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Public reception and conversation with photographer Matt Herron and HAVC professor Martin Berger

Thu Oct 27, 2016, 5:00pm
Porter Faculty Gallery, UCSC

I'm Walkin' For my Freedom: The Selma March for Voting Rights

Porter College Faculty Gallery at Porter College, UC Santa Cruz

Please join us for a public reception and conversation with photographer Matt Herron and HAVC professor Martin Berger at the Porter Faculty Gallery on Thursday, October 27, at 5:00pm. In this election year, the Porter College Faculty Gallery is proud to present an exhibition of photographs by Matt Herron from the Selma to Montgomery March, the most significant of all civil rights marches and the one that led directly to the Voting Rights Act of 1965. The Voting Rights Act mandated federal oversight of all US counties with a history of voter discrimination against African Americans, and opened the door to voting for most Americans.

About Matt Herron:
Matt Herron has been a photojournalist since 1962, and his pictures have appeared in virtually every major picture magazine in the world. Based in Mississippi in the early 60's, he covered the Civil Rights struggle for Life, Look, Time, Newsweek, and the Saturday Evening Post, as well as providing pictures for the Student Non-Violent Coordinating Committee (SNCC). In 1964 he founded and directed the Southern Documentary Project, a team of five photographers that attempted to document the process of social change in the South. In 1965, he won the World Press Photo Contest for a civil rights photograph.

In the late 60's Herron became involved in investigating the assassination of President John F. Kennedy, working with New Orleans District Attorney, Jim Garrison. During that period he also founded and administered the Listening Eye Gallery, a New Orleans photographers' cooperative. In 1970, he set sail in a small boat with his wife and two children, bound for the west coast of Africa. The family spent a year and a half crossing the Atlantic and exploring eight West African countries. Their book, The Voyage of Aquarius, (E.P.Dutton, 1975) documents that quest. A recently published sequel, Our Big Blue Schoolhouse, recounts their passage down the West Coast of Africa in the words of their son, Matthew, who was 13 at the time. It's an adventure story for Middle School kids illustrated with Herron's photographs.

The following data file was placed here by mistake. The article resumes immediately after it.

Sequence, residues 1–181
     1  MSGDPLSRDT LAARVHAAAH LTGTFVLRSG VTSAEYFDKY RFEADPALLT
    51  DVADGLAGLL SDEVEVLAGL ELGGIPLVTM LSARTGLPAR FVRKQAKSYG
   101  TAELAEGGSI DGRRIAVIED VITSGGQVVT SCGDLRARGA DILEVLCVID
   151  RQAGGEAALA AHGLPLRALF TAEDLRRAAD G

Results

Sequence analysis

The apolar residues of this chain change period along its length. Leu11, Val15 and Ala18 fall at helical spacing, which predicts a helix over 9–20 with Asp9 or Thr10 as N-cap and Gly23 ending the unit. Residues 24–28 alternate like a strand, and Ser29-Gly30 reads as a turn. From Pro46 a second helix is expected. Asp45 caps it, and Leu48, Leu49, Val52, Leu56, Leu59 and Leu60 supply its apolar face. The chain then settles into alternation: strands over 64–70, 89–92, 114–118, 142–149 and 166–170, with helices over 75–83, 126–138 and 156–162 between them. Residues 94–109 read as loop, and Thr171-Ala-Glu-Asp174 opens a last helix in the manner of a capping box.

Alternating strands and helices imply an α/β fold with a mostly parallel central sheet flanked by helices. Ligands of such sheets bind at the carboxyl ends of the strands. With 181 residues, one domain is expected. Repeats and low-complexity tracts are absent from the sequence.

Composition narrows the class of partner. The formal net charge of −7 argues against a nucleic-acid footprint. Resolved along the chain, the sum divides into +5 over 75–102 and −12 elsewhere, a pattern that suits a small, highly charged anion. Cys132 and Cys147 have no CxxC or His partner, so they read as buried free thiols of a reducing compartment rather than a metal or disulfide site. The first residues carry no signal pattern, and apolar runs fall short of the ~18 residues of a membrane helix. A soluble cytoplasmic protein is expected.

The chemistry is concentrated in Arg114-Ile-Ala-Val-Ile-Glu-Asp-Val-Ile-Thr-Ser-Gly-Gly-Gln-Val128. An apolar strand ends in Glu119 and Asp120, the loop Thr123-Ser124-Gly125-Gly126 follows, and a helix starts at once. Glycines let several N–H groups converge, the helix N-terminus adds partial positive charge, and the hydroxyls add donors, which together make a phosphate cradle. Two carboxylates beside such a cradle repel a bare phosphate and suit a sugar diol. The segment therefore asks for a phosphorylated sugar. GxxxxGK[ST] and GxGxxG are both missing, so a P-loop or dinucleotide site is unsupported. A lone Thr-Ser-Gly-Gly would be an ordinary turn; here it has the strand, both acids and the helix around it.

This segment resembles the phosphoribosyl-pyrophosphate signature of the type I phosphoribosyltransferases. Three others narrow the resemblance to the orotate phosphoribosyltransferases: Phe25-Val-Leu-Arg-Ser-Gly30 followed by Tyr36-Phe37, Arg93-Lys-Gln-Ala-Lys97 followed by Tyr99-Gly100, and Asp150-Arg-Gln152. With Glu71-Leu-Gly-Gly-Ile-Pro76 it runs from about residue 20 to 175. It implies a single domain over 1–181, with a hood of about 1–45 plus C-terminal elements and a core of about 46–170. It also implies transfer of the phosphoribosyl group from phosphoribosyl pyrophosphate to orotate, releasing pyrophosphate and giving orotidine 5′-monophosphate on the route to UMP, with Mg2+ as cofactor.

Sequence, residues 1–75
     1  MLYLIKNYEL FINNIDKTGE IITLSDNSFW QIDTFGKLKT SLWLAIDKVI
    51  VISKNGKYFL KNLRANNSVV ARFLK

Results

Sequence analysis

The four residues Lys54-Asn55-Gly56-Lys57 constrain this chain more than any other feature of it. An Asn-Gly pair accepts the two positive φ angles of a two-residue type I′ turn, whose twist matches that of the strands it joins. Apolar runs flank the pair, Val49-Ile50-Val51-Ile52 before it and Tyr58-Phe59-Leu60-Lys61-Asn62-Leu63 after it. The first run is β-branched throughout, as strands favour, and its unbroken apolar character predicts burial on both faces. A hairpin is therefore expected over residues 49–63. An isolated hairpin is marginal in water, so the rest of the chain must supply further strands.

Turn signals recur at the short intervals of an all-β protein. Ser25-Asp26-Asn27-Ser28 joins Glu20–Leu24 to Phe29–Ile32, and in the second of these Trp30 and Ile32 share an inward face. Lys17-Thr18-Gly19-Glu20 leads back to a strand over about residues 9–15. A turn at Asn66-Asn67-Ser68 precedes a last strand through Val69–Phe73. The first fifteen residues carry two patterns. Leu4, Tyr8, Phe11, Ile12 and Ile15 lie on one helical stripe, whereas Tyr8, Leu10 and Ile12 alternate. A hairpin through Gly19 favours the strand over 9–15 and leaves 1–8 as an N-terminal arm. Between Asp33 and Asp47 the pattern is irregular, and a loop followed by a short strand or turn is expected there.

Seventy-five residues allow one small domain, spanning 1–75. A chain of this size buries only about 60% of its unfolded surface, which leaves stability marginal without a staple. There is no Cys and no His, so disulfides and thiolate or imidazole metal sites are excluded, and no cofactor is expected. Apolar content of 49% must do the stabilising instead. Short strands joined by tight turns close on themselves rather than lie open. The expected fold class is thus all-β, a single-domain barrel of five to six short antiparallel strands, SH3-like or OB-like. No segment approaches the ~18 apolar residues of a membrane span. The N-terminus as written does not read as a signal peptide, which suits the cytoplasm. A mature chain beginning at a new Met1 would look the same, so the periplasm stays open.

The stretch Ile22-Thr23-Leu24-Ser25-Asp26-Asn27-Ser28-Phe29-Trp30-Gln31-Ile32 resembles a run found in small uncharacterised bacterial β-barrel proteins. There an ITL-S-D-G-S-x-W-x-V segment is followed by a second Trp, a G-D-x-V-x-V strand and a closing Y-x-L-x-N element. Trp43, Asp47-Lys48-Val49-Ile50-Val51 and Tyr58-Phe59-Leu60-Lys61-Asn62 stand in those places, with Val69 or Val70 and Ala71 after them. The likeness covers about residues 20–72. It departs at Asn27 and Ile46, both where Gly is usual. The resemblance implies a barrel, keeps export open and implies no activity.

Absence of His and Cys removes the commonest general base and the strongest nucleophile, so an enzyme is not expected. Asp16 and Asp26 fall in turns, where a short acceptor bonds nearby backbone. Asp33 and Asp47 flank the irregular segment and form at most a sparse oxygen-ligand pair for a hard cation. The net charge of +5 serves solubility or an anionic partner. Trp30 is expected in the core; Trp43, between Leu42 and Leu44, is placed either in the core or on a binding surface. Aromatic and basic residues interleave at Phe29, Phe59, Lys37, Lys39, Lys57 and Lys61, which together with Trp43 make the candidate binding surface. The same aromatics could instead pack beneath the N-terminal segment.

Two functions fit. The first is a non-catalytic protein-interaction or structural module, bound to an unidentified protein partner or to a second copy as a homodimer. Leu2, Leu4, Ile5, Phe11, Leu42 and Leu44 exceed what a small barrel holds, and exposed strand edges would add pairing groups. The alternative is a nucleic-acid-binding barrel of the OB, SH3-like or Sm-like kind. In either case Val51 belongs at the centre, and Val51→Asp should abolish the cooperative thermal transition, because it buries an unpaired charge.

In the 70's, Herron turned to writing, and produced a series of major articles for Smithsonian and other publications. He also became involved in ecology action, serving as bridge officer, navigator and photographer on two Greenpeace anti-whaling voyages, and a voyage to the ice floes of the St. Lawrence to protest the harp seal hunt. In the late 80's and 90's Herron became involved in labor organizing, serving for twelve years as a Director and then as President of the American Society of Media Photographers, the major trade organization that represents photographers who shoot for publication.


Recently, Matt Herron curated a major exhibition: This Light of Ours: Activist Photographers of the Civil Rights Movement, which opened a new arts complex in Salt Lake City in October, 2011 and is now traveling throughout the United States. The University Press of Mississippi published a companion volume to the show in 2012. His one-man show, Civil Rights Under Three Hats: The Photography of Matt Herron is currently traveling across the country.